Archive for the 'Storage Economics' Category
I have presented several blog entries on the topic of data protection costs. In a previous blog I suggest that we cannot afford to protect data at the rate that we are now accustomed to. In another entry, I attempted to outline how data protection trends have given rise to over-protected or over-insured data.
I came across this graphic from the HDS Competitive Marketing Group, and it depicts very well the SSD/Flash innovation into traditional storage architectures.
This post is the third in my prediction on the economics of IT series. Be sure to read predictions 1 and 2 if you missed them. My 3rd prediction has to with spending, price erosion and growth. From a macro view, my prediction is that Moore’s law cannot keep up with the rate of growth [...]
This is the 2nd installment of my series on 2014 IT economic trends (read the previous posts here and here). This second prediction may not ring true for all IT planners and architects.
In my last blog of 2013, I set up a premise for IT and storage predictions in 2014, from an economic or financial perspective.
Hu Yoshida has recently completed a blog series on 2014 trends and predictions, and I’d like to add a few of my own from an economic or IT finance perspective. As I look back on the 15 years of developing and observing economic trends in IT, I believe there is a new shift ahead of [...]
A Canadian colleague sent me this article last week, and referenced the fact that low cost (I think they meant to say low price) is the reason spy agencies around the world are able to effectively keep all the data that they do.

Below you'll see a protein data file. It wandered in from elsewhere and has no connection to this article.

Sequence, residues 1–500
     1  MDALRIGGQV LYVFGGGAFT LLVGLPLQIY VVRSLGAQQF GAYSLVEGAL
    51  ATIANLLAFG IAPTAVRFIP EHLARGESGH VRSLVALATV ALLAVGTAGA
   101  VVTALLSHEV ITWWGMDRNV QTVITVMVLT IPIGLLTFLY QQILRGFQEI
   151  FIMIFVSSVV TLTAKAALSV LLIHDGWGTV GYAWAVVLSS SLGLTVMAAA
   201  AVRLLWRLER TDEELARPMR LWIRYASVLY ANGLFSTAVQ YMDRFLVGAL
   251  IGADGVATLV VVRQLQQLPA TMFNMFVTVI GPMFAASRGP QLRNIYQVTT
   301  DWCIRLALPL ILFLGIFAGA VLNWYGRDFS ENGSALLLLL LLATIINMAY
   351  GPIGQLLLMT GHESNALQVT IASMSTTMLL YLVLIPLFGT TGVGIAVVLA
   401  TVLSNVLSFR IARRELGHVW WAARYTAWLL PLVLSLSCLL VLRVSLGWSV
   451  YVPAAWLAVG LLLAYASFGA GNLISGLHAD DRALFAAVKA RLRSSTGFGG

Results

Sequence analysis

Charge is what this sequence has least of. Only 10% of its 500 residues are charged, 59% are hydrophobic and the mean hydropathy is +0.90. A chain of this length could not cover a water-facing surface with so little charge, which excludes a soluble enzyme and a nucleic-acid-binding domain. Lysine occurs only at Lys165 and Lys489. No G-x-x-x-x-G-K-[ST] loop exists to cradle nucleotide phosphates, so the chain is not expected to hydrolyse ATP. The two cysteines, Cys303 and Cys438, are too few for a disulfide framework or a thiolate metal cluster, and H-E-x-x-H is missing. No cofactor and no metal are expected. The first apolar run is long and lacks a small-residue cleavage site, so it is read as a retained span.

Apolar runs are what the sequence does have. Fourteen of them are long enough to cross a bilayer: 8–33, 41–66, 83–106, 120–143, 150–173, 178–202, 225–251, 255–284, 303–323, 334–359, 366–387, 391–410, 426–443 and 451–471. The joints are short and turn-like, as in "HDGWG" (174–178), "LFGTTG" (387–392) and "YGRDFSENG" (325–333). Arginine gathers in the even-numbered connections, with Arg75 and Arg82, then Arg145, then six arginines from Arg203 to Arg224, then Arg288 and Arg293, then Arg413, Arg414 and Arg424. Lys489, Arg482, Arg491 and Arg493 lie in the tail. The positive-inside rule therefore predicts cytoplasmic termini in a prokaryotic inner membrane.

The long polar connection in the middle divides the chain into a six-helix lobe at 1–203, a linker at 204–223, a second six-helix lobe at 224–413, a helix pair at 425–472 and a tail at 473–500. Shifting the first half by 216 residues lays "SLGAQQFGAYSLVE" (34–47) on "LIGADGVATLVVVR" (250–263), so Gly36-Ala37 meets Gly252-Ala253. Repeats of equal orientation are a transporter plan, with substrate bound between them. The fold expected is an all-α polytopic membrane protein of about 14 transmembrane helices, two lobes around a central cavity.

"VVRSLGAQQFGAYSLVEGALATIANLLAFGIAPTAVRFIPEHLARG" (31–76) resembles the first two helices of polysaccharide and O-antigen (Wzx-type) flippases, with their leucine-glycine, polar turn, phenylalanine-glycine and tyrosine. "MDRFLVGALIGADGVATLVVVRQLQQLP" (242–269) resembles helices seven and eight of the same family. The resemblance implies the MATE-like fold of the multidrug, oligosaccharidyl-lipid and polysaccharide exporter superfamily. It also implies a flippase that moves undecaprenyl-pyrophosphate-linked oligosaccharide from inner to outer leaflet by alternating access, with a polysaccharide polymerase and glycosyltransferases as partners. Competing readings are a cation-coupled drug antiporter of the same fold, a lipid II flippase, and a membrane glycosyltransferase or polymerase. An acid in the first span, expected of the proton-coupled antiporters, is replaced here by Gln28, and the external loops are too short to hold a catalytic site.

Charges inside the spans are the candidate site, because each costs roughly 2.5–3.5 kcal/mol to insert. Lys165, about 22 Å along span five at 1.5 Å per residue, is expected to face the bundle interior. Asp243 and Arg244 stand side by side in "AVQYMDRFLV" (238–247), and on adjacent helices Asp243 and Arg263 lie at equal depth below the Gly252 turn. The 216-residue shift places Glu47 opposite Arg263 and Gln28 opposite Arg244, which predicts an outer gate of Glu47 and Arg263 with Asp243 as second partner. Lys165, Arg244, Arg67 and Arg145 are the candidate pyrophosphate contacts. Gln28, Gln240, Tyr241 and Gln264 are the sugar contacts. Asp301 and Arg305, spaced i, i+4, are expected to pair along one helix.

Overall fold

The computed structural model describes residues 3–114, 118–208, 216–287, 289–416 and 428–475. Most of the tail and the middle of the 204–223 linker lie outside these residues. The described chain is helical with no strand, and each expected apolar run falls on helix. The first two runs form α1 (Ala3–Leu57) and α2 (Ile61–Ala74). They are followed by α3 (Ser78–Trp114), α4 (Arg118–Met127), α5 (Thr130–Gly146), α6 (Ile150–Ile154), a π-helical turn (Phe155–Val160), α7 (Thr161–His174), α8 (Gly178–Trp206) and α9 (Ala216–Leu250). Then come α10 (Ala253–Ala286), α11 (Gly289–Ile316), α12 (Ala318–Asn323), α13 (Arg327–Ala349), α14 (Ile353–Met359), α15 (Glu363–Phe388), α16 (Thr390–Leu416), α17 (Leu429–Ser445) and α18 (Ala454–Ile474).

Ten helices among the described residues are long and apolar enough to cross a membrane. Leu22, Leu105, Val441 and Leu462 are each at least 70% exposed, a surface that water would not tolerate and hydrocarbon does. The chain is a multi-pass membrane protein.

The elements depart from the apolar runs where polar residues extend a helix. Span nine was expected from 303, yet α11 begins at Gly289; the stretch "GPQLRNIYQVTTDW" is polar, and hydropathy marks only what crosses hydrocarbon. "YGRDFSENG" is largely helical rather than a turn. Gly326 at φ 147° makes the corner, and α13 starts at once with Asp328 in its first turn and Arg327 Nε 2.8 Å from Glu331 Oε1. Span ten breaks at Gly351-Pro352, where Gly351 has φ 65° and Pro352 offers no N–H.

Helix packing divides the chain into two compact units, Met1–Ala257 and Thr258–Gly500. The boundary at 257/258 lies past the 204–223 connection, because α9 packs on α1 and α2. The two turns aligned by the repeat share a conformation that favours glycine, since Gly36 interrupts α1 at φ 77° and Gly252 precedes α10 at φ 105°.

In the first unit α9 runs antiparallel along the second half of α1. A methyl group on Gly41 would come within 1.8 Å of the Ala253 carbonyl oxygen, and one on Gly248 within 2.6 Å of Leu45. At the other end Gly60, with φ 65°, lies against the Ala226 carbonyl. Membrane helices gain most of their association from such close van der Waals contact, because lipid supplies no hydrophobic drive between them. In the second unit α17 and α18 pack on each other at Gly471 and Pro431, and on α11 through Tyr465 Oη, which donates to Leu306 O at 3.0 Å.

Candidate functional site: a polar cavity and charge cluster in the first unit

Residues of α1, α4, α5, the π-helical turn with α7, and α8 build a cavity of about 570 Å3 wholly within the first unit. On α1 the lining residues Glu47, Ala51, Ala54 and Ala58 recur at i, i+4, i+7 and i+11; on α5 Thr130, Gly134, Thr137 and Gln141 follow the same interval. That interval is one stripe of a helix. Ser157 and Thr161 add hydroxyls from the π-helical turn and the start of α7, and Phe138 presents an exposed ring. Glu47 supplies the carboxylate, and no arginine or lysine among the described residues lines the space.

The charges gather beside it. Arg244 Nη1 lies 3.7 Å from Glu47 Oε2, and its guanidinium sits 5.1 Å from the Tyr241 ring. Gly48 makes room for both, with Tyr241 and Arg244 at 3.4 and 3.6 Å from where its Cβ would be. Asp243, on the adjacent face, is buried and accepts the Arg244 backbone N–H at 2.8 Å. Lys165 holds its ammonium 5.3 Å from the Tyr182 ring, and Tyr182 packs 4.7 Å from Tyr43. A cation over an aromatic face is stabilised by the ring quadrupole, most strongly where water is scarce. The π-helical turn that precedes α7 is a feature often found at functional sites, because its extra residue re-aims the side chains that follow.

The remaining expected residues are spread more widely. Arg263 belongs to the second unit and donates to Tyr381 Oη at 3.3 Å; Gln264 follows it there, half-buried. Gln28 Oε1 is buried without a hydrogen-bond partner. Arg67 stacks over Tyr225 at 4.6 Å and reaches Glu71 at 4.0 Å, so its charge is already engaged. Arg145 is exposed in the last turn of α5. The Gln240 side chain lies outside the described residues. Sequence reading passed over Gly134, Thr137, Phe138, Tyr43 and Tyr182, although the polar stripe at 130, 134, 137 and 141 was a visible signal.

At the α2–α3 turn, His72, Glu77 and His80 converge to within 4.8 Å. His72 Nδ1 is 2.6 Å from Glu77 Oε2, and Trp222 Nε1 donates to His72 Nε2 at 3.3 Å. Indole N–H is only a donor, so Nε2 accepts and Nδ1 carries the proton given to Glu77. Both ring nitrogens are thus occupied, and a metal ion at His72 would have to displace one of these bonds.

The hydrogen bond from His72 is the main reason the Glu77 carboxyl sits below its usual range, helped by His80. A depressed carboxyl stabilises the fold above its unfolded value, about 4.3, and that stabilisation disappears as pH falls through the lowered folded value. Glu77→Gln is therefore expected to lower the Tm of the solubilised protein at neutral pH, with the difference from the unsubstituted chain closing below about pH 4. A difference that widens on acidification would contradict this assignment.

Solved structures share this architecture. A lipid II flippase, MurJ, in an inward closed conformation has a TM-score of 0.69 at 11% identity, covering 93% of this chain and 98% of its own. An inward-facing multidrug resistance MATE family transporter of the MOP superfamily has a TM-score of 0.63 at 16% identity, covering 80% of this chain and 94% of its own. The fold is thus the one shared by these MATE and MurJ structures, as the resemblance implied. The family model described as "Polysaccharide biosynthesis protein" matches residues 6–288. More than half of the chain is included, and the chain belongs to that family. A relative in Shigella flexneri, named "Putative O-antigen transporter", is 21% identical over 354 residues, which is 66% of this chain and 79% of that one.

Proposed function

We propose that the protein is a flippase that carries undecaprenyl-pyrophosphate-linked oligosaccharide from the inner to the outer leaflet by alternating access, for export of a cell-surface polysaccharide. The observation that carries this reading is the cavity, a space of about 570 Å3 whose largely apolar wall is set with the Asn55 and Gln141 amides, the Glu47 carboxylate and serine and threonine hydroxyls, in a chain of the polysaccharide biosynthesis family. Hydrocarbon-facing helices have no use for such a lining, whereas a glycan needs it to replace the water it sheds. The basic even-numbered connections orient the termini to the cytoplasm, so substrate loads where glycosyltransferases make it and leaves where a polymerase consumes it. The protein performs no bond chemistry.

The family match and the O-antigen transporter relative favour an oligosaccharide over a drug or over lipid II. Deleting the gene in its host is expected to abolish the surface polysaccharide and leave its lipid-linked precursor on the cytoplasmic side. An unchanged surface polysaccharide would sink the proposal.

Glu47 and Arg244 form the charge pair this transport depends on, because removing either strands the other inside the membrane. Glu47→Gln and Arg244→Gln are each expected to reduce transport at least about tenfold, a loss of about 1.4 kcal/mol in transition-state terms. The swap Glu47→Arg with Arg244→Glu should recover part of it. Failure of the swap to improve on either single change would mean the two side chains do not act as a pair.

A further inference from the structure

The past 3 blogs (part 1, part 2 and part 3) presented the basic framework to identify and measure long-term data retention options. In this final entry, I will summarize other cost areas that need to be considered when one compares and contrasts options for 100-year (or more) data retention plans. In my first blog, [...]
In my third installment on the economics behind long-term data storage (read the first two here and here), I will discuss the single largest cost component for keeping data for very long period of time, and these are the costs of migration and/or re-mastering. In a 100-year perspective, the cost of migration and re-mastering represent [...]
In my part one of my blog on this topic, I constructed a scenario to understand and determine operational cost factors of preserving and retaining data for very long periods of time (100 years or more). Response is that this time horizon is still too short, and that perhaps hundreds of years should be considered. [...]